While the weather forecast may have called for overcast skies (a day after disheartening April blizzards in Chicago), there’s still a ray of sunshine breaking through any and all mundane mediocrity clouding your life. For one day, every cliche and sports movie monologue feels as inviting as the guy selling programs when you walk through your favorite stadium’s gate.
Only a handful of teams are playing today, the Cardinals, Pirates, Blue Jays, Rays, Mets and Royals. The whole league will be in action tomorrow and the hometown love will pour over each respective ball club, but it’s amazing how we can all be just as excited today. Is it because everyone is tied for first place at this very moment? Do we forget that there are 161 games to go and anything can happen from now till October? Or is it because we just can’t help but “get romantic about baseball”?
The romance is real. It hits you when you first climb the steps from the concourse toward your seats at Wrigley Field, much like walking up a ramp to your aisle at Fenway Park when the sun starts to set. If you’re lucky enough to share that with someone, don’t take it for granted. As a White Sox fan, I lose myself in their brand new pregame montage every year, with moving music and memories. I forget I’m 28 years old and involuntary noises erupt from my windpipes as the fireworks signal it’s time to begin. There are micro-versions of these instances throughout the long regular season, but nothing compares to the first.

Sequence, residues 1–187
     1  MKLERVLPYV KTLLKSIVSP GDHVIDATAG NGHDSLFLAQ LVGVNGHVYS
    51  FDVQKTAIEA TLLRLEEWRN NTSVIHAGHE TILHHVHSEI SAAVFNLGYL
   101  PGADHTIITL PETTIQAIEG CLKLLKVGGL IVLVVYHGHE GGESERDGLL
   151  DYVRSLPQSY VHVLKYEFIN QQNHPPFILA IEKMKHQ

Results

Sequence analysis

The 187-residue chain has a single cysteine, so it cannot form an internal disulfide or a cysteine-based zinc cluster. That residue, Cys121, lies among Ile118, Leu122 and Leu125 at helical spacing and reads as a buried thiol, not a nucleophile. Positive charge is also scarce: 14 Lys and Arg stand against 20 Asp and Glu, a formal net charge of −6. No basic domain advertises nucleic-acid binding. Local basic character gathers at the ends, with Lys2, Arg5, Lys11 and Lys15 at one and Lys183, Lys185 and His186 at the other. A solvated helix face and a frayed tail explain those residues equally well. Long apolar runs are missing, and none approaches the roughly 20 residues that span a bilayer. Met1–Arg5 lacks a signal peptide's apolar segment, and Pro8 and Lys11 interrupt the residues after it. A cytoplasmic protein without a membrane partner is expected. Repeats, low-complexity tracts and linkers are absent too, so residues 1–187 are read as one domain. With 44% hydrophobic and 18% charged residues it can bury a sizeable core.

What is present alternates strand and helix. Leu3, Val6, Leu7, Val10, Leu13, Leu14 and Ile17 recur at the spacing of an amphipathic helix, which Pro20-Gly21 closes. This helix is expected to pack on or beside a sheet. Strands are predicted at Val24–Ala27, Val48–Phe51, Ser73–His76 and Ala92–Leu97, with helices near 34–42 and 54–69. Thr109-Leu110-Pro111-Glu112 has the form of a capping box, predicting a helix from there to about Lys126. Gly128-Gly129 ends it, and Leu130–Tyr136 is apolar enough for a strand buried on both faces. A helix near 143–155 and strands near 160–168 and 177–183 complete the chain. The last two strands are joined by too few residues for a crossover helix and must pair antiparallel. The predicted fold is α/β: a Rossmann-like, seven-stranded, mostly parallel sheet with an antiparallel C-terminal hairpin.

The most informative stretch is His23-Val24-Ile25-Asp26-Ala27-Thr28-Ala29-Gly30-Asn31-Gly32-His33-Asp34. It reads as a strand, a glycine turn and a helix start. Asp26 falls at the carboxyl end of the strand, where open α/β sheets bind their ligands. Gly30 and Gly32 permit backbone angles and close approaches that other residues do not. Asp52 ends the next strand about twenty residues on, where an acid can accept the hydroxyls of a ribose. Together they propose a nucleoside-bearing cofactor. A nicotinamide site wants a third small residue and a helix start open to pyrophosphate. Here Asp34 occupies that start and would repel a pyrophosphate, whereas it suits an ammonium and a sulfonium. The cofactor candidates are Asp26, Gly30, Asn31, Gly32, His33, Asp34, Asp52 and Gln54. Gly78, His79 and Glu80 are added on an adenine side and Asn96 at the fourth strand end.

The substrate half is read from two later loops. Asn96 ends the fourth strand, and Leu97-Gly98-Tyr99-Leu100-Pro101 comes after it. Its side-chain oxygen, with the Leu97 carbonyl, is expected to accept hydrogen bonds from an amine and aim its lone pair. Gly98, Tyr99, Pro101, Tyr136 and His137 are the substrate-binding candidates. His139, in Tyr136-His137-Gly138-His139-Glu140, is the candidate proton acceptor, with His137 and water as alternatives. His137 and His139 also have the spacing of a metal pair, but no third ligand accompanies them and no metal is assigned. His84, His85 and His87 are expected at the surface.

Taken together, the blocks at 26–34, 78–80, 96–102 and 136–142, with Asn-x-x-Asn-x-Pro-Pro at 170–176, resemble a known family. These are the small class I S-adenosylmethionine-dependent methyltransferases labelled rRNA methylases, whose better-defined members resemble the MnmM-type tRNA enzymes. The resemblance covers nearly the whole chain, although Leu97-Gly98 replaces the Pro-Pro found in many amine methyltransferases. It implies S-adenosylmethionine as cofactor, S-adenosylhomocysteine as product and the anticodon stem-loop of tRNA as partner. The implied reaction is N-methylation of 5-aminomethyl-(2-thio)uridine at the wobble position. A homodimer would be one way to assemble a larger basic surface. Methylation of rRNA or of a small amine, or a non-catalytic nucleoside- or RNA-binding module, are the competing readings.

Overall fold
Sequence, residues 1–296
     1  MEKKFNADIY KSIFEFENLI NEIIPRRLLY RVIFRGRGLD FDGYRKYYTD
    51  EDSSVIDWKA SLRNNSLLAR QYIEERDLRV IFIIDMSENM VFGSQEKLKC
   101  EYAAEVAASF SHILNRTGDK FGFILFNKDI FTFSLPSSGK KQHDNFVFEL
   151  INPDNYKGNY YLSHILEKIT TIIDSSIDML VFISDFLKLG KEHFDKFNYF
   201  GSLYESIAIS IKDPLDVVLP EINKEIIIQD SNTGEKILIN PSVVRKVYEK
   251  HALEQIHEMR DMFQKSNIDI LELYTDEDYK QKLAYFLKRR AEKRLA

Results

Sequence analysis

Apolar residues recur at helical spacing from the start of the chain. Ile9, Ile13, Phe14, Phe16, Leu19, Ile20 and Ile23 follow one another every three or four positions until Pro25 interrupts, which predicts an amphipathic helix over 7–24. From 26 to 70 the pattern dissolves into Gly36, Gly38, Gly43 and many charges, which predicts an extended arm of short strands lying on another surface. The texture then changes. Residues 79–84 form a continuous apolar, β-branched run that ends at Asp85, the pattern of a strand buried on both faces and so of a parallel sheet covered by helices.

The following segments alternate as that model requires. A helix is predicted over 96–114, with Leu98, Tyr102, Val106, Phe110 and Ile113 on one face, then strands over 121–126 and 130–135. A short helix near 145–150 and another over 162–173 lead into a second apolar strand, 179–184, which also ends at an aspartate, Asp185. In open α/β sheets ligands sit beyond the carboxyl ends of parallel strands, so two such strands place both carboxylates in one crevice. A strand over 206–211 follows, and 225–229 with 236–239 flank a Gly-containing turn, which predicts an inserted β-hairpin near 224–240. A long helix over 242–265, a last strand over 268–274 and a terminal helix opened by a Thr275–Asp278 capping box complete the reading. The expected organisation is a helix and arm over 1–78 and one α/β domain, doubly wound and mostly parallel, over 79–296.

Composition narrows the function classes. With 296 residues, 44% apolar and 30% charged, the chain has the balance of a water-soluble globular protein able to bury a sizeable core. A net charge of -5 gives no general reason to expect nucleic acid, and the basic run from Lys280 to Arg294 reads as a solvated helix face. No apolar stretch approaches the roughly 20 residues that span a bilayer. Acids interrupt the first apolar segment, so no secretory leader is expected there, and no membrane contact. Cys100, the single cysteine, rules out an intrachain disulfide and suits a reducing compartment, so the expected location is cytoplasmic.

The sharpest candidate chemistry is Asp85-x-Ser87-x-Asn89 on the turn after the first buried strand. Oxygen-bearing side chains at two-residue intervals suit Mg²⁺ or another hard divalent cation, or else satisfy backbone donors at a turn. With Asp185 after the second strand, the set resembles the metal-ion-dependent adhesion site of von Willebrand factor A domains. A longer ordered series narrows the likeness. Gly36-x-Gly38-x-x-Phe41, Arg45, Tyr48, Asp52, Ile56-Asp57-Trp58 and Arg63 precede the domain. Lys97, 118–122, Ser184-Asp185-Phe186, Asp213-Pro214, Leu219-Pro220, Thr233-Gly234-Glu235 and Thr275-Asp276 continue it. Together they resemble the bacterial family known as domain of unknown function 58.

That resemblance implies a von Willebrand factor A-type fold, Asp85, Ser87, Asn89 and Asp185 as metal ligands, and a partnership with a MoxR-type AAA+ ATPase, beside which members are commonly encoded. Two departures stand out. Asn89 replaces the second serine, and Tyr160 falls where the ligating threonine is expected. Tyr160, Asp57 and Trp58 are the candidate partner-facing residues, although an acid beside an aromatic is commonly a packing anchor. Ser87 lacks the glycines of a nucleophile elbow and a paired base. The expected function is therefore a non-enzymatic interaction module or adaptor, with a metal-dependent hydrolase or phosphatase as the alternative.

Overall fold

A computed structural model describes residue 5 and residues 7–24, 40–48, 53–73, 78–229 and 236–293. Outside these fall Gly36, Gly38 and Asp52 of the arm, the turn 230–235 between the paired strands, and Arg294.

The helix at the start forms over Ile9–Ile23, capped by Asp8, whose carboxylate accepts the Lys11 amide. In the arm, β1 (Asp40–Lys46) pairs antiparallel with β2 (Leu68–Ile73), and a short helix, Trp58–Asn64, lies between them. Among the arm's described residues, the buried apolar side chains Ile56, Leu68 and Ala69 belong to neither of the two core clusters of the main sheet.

I could go into a long thing about hope for every team, only for someone (maybe myself) to shoot it all down with projections, sabermetrics, and the pessimistic cold hard reality check that not everyone is meant for the playoffs. However, baseball is weird…quite possibly the weirdest of the major sports. While numbers, trends, and track records are real and incredibly valid, you can’t predict injuries, suspensions, personal issues, trades or the litany of fortune-bending occurrences that are bound to happen over the next 6 months.
Also alluring is the mystery of what kind of greatness and individual accomplishments this new season will hold. Who will be the closest to batting .400? How long will someone go in their hitting-streak, and will the challenge Joe DiMaggio? Who will throw the next perfect game? Can anyone emulate the 1998 home run race between Sammy Sosa and Mark McGwire (and not be busted for steroids)? Where will longtime veterans finish on the all-time lists (Alex Rodriguez, David Ortiz, Albert Pujols) and who can we get excited about to possibly surpass them someday (Bryce Harper, Mike Trout, Kris Bryant)? Who will come out of nowhere?
Right now, more than any time the rest of regular season, you can comfortably be a fan. You can be excited. You can be optimistic. You can be a full grown…kid. For a few hours at a time, you can escape to a game you love and forget about the drama and stresses of life for a little bit. It’s Opening Day. Just have fun.